U.S. Navy veteran and California PVA chapter member Darryl Lair has lived his life by one message: focus on what you can do, and not on what you can’t.
After a motorcycle accident that put him in a wheelchair 29 years ago, Darryl has consistently passed along that message to others – most specifically, kids with disabilities.
He volunteers at the Land Meets Sea Sports Camp at Casa Colina, a program he helped found 24 years ago at the place where he did his rehab. The camp introduces children with disabilities to a variety of sports – but it’s more than that, Darryl says. 
“It’s much more than just sports,” he says. “It’s about life; it’s about being independent. Once you realize you can shoot a basketball or use a tennis racket, you realize there is really nothing you can’t do if you really try.”
After his accident, Darryl thought his years of extreme sports might be over. “When  I first got hurt, I rode motorcross and in the wintertime I was a ski instructor and I was a pretty avid rock climber,” he says. “I thought ‘Oh my gosh I’m done, my life is over with anything exciting.”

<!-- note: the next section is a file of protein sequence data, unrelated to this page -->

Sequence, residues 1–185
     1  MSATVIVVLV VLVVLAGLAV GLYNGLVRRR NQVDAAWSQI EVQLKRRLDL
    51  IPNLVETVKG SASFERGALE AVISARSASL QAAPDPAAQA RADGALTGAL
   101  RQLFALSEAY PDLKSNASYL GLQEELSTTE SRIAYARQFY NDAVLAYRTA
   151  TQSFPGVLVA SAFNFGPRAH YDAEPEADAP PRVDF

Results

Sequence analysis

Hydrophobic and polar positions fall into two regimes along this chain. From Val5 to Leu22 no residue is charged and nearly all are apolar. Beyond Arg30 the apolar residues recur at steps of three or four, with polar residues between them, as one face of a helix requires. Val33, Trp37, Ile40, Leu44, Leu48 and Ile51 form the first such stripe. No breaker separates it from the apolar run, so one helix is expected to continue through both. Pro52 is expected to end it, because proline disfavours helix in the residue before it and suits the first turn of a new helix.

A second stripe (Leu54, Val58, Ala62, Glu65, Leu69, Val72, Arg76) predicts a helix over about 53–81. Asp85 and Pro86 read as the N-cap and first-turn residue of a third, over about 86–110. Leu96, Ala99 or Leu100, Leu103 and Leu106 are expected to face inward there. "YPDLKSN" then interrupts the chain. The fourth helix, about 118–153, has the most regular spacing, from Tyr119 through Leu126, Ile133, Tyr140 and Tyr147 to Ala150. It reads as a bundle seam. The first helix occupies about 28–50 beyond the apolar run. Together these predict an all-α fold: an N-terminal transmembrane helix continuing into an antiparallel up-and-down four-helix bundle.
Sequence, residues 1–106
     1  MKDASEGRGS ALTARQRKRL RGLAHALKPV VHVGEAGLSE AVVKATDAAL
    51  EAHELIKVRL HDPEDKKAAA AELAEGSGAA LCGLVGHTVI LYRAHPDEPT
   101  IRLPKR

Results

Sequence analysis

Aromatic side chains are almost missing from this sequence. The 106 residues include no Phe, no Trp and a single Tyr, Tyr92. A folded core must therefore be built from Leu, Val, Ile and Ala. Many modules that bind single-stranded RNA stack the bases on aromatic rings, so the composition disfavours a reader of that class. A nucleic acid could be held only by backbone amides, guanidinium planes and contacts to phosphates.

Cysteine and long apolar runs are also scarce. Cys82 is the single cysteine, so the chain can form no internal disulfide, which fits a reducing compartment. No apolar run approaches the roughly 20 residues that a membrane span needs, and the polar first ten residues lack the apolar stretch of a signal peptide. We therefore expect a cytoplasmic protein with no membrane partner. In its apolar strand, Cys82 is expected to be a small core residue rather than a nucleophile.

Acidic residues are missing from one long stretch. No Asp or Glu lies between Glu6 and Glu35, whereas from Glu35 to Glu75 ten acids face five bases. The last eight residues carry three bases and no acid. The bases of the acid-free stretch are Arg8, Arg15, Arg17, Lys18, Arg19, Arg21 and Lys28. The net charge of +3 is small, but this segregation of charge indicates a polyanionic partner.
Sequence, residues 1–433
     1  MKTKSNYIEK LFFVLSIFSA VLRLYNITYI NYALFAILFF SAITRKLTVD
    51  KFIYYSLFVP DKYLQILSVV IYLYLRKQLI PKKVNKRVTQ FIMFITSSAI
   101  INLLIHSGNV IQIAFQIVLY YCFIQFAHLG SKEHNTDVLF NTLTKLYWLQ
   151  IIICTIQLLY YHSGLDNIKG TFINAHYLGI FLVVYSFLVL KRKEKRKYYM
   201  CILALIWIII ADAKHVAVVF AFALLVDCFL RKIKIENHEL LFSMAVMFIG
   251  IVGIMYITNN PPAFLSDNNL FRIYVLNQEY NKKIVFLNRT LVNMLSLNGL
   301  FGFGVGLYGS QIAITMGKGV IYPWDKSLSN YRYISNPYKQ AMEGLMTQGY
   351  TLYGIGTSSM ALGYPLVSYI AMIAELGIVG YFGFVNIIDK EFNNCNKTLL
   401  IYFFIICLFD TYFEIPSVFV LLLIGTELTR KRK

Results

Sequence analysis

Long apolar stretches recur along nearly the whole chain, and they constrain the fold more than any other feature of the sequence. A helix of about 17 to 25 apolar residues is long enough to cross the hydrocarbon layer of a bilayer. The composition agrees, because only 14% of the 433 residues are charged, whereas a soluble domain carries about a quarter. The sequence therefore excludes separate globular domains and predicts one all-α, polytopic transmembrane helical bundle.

But then a recreational therapist showed him what he was capable of. Knowing his history of adventure, she convinced him to go snow skiing.
“It wasn’t just sports, it was independence; it made me realize that if I can ski, then I can do other things, too.” That is the message he passes along to the kids he mentors.
“I want them to be the best person they can be with whatever they have. It’s about figuring out what you like and what you don’t like and making it happen.”
Darryl remains active with PVA. He has participated in the National Veterans Wheelchair Games for twenty years, and recently served as a mentor on Kids Day. Darryl is also a chef, and teaches cooking classes for children with disabilities. He makes it fun, and shows them how to make healthy stuff – but it’s not really about the meals they prepare. It’s what they learn in the process.
“Everybody has a knife and a cutting board and you do the best with what you have. If you can’t handle cutting things up, you can read the recipes, you can help measure out ingredients, we’ll figure it out. Yes it’s a cooking class but it’s about learning that there is so much you can do.”
Darryl believes the value of PVA is that he receives the funding and opportunity to seek adventures and continue to live a full and rewarding life. He likes to say “yes” to trying new things. And he receives great joy in helping others overcome their challenges.
“I sometimes feel like I get more from it than what I’m giving. It’s helping me understand myself and my life. It’s just really rewarding.”